“Roger Federer as a junior was a little brat, then he became this Zen Master”: Yannick Noah

20-time Grand Slam winner Roger Federer

From racquet-smashing enfant terrible with a bad attitude and ill-advised ponytail to universally respected sporting role model and modern icon, Roger Federer has come a long, long way.

Many things have changed for Federer since that Centre Court triumph over Mark Philippoussis in 2003. On court, his successes have brought him more than $100 million in prize money and 103 career titles.

Off it, he is the father of two sets of twins, Myla Rose and Charlene Riva and Leo and Lenny with wife Mirka, a former player he met at the 2000 Olympics in Sydney. But his career and life wasn’t always so settled. 

As a talented young player, Federer’s on-court tantrums and hair-trigger temper once threatened to stunt his progress. “I had a tough time getting my act together out on court, trying to behave properly. For me that was a big deal,” he admitted. 

Federer’s initial years as Pro

Federer famously defeated Pete Sampras at Wimbledon in 2001 but was knocked out in the first round the following year. It took a personal tragedy for Federer to press the reset the button.

Just when he turned 21, his coach and close friend from his formative years Peter Carter was killed in a car crash in South Africa. From that point on, the multi-lingual Federer committed himself to winning in style, with grace and not dictated to by his inner demons.

Former French tennis player, Yannick Noah shared his views on his peers who were the complete opposite of the current crop of players.

How Roger Federer became ‘Zen’

Speaking on “The Tennis Podcast“, he talked about the 80s players with high temperaments and regular outbursts during matches. He also spoke about Roger Federer’s early career temperament and how he has managed to become “zen” and following rules gracefully.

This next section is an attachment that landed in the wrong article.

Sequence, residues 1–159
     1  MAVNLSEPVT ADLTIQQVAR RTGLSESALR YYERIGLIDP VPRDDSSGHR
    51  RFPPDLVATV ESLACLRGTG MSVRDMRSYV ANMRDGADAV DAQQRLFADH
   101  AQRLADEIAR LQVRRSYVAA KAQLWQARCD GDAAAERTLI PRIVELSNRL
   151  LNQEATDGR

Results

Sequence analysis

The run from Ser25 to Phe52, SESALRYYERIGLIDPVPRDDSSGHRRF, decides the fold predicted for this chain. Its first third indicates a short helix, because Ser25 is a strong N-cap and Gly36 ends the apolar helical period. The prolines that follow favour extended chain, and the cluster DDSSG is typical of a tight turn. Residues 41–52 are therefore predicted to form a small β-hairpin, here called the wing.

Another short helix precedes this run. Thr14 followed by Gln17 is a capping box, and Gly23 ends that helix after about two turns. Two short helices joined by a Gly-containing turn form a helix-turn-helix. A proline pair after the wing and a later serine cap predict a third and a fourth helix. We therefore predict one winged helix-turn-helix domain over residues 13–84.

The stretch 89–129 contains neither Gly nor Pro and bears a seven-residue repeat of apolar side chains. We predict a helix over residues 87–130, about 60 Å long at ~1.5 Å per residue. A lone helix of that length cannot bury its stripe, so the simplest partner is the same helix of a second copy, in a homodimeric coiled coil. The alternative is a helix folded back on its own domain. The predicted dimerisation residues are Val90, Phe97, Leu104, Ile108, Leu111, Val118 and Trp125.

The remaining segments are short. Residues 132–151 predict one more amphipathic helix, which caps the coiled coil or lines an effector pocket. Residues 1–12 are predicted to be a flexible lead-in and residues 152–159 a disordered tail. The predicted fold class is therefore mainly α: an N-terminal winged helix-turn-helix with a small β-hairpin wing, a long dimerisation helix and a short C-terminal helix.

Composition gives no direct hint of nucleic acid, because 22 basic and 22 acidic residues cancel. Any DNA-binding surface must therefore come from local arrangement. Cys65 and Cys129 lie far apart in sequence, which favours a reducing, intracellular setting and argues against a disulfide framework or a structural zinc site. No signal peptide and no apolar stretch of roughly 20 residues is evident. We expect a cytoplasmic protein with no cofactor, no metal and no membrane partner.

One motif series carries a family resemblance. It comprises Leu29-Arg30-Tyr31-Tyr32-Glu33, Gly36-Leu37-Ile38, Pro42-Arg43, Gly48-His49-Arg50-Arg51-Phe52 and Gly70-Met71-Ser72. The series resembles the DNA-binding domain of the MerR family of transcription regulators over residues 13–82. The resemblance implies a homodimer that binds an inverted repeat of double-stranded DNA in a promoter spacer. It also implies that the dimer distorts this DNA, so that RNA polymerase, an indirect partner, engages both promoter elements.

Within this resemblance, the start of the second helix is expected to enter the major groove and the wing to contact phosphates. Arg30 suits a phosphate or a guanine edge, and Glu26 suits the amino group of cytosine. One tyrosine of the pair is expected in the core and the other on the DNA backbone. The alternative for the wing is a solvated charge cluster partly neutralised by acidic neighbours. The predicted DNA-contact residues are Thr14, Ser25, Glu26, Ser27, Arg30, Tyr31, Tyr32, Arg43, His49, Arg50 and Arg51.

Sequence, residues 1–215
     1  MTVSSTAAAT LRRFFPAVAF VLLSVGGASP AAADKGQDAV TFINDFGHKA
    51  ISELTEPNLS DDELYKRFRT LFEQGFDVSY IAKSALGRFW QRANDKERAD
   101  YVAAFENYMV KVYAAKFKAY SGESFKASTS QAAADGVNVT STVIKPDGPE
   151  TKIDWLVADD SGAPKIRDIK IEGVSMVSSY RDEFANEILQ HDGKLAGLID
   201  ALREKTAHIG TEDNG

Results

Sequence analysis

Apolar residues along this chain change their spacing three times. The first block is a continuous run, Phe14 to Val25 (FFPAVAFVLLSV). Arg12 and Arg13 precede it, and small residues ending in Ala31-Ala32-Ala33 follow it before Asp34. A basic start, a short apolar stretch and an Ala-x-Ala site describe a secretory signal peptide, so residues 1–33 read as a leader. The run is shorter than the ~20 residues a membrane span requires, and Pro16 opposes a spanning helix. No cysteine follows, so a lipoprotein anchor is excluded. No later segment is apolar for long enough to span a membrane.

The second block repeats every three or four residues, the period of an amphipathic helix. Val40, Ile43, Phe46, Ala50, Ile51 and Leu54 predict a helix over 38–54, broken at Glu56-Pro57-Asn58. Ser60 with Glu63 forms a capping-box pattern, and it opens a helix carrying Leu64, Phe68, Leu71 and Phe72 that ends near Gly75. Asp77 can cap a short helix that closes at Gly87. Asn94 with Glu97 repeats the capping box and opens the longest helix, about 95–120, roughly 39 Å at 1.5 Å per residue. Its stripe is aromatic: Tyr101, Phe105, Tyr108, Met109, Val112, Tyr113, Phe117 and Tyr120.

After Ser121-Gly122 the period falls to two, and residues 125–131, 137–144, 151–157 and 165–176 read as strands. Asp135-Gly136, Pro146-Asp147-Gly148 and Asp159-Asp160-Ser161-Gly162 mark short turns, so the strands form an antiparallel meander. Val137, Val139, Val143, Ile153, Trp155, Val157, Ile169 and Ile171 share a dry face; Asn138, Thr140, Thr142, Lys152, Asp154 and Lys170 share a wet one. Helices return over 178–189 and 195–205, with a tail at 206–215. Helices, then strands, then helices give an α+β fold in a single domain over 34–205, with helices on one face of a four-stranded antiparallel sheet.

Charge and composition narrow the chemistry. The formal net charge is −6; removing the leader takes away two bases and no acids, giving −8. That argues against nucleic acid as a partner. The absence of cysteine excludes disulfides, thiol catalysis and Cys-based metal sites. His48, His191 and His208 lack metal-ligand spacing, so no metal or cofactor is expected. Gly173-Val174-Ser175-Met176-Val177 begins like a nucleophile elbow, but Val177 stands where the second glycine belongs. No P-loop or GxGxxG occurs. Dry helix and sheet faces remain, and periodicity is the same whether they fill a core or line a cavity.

“I was in Melbourne, and I am at Pat Cash’s place. McEnroe is playing Pernfors. He is probably gonna win and come and join us for the barbecue. So we watching the game, and the code of conduct was starting. It was actually made for John, mostly,” Noah said.

“All of a sudden there is a problem, and I’m playing Pernfors. John was disqualified, out of the Australian Open. He came to the barbecue and was upset,” Noah added.

John McEnroe argues with an umpire during his fourth-round match against Mikael Pernfors of Sweden at the Australian Open on Jan. 21, 1990. Credit: Mark Baker/Reuters

John McEnroe was the first player to get disqualified by the code of conduct after repeated racquet abuse and constant swearing in the match against Sweden’s Mikael Pernfors.

After the McEnroe era, players have adapted very well to the code of conduct and Federer evolved into the player he is after learning to control his emotions, according to Noah.

“Even Roger Federer as a junior was a little brat, as a junior he was a little spoilt brat breaking racquets. Roger Federer was always cursing. Then he became this Zen Master, it is beautiful. But these guys learned the game with these rules,” Noah said.

Also Read: Novak Djokovic edges past Nadal and Federer as the sport’s most dominant player ‘on any surface’


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